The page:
From my earliest memories, summertime in Texas means watermelon and cantaloupe, ice cream, swimming, riding my bike, and being gone all day looking for trouble … as long as I was home before dark. While I am still capable of remembering my childhood challenges, most of the memories I have from summertime are wonderfully nostalgic. Being a kid is great, but being a grownup who still acts like a kid is even better.
Summertime in my office is an odd mix of terribly busy, and not terribly busy, as we work in ebbs and flows around our client’s summer vacations. This means that some days are calm and peaceful, and some are ridiculously frantic. I’m currently in the middle of a frantic stretch which means working over the weekend. It’s currently Sunday afternoon and despite the constant lure and distraction of summer activities, I’ve already had a productive day. I’ve responded to about 50 emails, written and sent out a proposal for a new project, spent more time than I wanted reviewing a construction schedule for a project that isn’t progressing as quickly as it should, and still managed to go on a bike ride, swim in the pool, catch a movie, and prepare dinner for the family (shish-ka-“me’s” if you were interested).
Feels like 106°?!? That’s pretty hot and if you’re not used to it, it will wear you out. The strange thing about it is that I grew up here and I know that it’s going to get hot. I remember it being hot when I was a kid while I was riding my bike around the neighborhood. What I don’t remember it bothering me as much as it seems to bother me now. Once when I was around 12, I lined a shoebox with foil, put a few hot dogs in there and set it out on the roof … when I came back and checked on them later, they were charcoal sticks. This is an experiment that I think I will try and recreate this summer because it was awesome.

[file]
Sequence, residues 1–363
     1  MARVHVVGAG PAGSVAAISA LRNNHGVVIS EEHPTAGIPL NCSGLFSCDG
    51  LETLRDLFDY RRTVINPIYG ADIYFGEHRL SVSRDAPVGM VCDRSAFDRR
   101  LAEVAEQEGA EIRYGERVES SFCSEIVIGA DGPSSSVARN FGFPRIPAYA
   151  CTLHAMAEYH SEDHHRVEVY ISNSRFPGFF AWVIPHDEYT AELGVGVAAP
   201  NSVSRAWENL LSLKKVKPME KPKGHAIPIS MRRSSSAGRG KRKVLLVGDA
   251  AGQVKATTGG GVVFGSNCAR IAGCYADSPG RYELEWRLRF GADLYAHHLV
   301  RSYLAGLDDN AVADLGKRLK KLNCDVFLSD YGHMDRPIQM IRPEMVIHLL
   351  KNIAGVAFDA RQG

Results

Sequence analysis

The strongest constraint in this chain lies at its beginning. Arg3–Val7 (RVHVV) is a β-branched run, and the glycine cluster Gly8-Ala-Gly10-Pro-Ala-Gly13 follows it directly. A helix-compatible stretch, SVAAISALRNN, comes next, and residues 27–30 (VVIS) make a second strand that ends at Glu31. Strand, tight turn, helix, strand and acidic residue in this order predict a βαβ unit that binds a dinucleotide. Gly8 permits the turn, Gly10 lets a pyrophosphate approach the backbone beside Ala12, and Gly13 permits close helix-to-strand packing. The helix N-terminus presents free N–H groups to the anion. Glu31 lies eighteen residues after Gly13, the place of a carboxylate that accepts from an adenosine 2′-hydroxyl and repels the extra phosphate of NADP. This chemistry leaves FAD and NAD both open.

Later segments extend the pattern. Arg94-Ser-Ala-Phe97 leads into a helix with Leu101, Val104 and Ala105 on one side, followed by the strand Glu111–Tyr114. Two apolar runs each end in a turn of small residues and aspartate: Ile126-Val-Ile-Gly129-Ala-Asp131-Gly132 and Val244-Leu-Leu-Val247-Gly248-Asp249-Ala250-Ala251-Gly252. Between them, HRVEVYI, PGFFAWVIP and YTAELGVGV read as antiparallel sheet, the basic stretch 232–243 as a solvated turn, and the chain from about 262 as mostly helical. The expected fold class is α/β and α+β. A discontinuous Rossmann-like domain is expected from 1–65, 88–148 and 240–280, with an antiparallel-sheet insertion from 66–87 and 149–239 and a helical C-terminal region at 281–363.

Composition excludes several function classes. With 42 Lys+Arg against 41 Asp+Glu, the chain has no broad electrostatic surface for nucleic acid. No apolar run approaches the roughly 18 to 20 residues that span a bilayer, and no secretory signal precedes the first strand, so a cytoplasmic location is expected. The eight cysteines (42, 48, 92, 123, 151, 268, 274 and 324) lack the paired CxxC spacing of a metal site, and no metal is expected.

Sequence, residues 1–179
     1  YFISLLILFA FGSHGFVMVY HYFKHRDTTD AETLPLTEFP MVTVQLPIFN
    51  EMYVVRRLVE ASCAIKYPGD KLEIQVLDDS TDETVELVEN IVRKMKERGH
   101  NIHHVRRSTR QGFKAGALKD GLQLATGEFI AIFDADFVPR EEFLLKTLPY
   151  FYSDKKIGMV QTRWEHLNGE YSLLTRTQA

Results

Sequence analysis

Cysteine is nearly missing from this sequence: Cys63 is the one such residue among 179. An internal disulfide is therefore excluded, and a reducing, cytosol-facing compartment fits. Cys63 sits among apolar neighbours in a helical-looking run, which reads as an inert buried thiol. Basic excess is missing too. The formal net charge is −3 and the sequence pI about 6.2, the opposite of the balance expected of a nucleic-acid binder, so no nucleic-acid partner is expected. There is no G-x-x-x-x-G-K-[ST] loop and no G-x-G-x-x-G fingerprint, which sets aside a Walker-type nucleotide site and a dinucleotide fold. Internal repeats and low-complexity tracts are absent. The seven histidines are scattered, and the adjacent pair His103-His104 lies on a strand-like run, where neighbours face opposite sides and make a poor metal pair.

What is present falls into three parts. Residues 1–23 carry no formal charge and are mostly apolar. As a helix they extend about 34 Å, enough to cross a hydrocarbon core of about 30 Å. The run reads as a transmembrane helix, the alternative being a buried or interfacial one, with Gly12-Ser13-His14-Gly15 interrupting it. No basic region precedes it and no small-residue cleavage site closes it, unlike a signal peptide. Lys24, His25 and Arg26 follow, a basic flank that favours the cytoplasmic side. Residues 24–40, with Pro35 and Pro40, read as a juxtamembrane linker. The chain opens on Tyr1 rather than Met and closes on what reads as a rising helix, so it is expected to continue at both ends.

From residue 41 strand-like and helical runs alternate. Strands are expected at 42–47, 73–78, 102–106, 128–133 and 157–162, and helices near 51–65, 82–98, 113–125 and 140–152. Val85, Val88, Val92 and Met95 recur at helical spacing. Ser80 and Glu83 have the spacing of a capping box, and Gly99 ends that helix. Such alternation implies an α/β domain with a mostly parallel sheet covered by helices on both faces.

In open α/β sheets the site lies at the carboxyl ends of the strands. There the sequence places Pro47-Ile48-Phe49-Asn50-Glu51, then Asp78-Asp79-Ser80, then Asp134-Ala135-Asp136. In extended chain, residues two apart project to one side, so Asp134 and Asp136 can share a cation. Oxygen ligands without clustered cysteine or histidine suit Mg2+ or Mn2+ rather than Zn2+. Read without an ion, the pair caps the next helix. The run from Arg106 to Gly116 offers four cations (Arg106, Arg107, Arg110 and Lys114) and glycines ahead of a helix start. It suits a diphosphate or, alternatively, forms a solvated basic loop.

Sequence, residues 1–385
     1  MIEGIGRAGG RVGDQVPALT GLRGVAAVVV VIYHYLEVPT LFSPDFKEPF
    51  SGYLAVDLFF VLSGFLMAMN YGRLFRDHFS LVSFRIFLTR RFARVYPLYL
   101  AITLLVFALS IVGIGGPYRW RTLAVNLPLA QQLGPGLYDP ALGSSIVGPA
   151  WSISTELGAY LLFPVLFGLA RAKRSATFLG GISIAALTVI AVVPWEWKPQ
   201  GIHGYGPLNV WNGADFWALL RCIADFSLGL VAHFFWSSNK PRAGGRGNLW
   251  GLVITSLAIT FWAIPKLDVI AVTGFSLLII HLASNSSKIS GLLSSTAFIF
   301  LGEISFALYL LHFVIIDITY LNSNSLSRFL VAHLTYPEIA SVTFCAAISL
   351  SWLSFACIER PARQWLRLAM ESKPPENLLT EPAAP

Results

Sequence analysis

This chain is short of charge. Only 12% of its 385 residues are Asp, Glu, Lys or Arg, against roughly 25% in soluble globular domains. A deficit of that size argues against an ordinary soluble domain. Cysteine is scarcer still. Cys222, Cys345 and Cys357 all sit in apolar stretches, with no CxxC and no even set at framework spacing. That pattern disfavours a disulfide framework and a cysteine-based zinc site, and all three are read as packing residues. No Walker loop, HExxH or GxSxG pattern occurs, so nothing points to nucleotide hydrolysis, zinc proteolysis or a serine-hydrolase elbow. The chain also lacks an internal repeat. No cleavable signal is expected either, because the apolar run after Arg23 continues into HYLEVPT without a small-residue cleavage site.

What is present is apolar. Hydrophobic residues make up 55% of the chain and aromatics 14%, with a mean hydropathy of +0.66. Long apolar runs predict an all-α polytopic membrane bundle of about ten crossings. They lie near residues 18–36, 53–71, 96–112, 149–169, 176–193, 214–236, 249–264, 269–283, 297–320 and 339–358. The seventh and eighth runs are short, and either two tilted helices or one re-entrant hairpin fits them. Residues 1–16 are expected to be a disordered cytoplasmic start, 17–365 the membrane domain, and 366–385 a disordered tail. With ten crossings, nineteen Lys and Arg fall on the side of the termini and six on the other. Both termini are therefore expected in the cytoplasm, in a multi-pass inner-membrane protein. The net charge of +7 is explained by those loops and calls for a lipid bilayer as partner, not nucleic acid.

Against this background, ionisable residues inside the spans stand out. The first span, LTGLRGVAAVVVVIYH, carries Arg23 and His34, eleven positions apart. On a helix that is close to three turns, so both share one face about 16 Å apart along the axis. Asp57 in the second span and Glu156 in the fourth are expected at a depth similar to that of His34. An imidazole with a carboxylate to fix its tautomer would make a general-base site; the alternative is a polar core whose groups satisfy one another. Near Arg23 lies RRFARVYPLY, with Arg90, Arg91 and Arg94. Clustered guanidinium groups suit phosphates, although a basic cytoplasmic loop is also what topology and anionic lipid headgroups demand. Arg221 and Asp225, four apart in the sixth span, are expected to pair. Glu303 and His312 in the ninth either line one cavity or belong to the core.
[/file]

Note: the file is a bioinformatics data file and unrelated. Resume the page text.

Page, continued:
I should also confess that I have been going out for evening walks a lot more lately. Partly because I like it, but partly because my entire family has been going out and looking for Pokemon like millions of other people. I expect to receive a fair bit of ridicule for being a 48-year-old man who is playing a child’s game with his family – one of my contractor buddies very proudly states that “not only am I not playing, I don’t even know what that is!”
I do it because I don’t want to wake up one day and discover I’ve become an old man and everything is passing me by. I want to remember why I work … I still want to eat a cold slice of watermelon and cook a hot dog on the roof and be happy about it. Cannonballs in the pool are fun, but doing them right next to my daughter is even better. Catching fireflies, going on night-time bike rides, cooking dinner on the grill, listening to baseball games on the radio as I’m floating in the pool, opening my eyes underwater so much that when I get out, my chlorine saturated retinas have added a halo around every light source. – these are childhood memories I associate with summer.
Think back to when you were a kid and reflect on your own summertime activities … don’t wake up one day only to realize that all you do is think about work and forgotten what it means to be a kid. Imagination, creativity, possibility … these things are important in a creative field such as architecture – don’t forget to keep yourself open to new activities and adventures.
Go and eat some watermelon,